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The toleration controversy during the English revolution

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posted on 2014-10-21, 15:33 authored by John R. D. Coffey
One of the defining features of the English Revolution is ‘its astonishing intellectual fertility’. In contrast to other contemporary upheavals in Scotland, Ireland, France and Spain, the revolution in England generated an unprecedented volume of print and an extraordinary range of competing ideas. Pamphlet wars were fought over a multitude of issues, but few debates were so fierce, so protracted and so seminal as the controversy over toleration. After its full-scale eruption in 1644, the toleration controversy surged on throughout the revolutionary years and into the Restoration era. Nowhere else in seventeenth-century Europe, with the possible exception of the Netherlands, produced such a rich literature on religious toleration. [Opening paragraph]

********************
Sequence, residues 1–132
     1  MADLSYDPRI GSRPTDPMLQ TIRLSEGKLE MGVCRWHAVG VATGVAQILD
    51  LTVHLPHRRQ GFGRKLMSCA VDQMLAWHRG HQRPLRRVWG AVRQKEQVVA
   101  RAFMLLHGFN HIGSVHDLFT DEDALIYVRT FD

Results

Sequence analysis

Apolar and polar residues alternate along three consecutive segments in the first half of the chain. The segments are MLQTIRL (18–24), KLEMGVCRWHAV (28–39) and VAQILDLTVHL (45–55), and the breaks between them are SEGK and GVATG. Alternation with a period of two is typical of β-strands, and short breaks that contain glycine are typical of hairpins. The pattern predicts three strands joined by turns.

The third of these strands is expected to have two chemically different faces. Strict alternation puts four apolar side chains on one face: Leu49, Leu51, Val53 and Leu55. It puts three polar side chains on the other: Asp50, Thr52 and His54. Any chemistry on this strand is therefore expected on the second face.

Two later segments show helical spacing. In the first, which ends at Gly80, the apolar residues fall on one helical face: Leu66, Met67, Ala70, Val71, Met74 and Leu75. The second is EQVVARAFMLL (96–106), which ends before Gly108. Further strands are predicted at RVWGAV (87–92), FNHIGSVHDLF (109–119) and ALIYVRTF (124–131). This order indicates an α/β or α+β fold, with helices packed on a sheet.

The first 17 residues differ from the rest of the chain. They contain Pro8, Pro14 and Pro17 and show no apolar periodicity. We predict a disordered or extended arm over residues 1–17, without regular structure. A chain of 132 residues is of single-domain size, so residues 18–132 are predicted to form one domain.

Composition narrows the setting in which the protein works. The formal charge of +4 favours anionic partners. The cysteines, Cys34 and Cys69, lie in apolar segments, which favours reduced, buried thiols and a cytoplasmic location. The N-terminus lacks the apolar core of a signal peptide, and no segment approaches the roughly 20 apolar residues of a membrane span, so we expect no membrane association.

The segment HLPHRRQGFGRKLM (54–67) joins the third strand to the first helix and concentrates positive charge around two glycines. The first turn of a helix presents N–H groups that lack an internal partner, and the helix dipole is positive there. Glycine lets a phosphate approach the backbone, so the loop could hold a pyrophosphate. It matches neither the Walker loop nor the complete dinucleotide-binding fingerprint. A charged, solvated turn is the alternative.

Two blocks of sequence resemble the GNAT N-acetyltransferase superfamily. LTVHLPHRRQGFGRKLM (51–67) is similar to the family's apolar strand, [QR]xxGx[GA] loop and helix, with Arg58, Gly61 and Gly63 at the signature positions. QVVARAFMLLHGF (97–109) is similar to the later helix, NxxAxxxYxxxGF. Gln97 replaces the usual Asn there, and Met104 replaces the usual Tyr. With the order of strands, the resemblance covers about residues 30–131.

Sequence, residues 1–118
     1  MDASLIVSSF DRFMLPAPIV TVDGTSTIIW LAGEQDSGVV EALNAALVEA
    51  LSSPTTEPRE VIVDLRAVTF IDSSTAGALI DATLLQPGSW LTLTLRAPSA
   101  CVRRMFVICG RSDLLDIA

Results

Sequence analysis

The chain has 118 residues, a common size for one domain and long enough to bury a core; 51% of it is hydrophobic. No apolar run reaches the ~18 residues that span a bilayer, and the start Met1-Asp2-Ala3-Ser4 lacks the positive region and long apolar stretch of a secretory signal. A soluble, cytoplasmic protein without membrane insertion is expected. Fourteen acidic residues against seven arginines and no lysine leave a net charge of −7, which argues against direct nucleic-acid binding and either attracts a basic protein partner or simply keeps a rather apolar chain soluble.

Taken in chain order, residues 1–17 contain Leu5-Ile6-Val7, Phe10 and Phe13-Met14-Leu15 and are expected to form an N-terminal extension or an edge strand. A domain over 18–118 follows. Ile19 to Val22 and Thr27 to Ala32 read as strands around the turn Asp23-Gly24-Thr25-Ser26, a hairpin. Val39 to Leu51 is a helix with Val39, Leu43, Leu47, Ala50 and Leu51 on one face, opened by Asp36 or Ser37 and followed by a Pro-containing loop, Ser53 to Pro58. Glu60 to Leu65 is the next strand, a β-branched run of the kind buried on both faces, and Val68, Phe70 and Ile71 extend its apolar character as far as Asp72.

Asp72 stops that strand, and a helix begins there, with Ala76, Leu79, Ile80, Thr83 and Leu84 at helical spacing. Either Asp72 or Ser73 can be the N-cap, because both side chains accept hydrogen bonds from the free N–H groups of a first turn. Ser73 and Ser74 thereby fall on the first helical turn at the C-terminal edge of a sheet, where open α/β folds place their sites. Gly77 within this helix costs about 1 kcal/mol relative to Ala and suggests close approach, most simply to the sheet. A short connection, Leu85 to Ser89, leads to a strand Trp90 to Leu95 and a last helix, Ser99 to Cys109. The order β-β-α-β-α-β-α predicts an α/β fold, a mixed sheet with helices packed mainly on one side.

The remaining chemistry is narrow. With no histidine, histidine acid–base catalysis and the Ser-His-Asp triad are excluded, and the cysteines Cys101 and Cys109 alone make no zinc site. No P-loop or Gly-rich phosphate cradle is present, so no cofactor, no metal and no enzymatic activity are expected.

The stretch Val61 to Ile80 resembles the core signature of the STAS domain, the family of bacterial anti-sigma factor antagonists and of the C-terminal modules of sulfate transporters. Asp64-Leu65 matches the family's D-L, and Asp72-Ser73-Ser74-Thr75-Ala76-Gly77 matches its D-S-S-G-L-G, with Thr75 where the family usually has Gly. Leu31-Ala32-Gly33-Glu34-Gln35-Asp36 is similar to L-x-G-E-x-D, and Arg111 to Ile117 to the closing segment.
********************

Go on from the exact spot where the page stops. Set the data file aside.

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Citation

Coffey, J. R. D.,The toleration controversy during the English revolution, ed. Durston, C;Maltby, J, 'Religion in Revolutionary England', Manchester University Press, 2006, pp. 42-68

Author affiliation

/Organisation/COLLEGE OF ARTS, HUMANITIES AND LAW/School of History

Version

  • AM (Accepted Manuscript)

Published in

Coffey

Publisher

Manchester University Press

isbn

0 7190 6404 X

Copyright date

2007

Publisher version

http://www.manchesteruniversitypress.co.uk/cgi-bin/indexer?product=9780719064050

Notes

Full text of this item is not currently available on the LRA. The final published version may be available through the links above.

Editors

Durston, C.;Maltby, J.

Language

en

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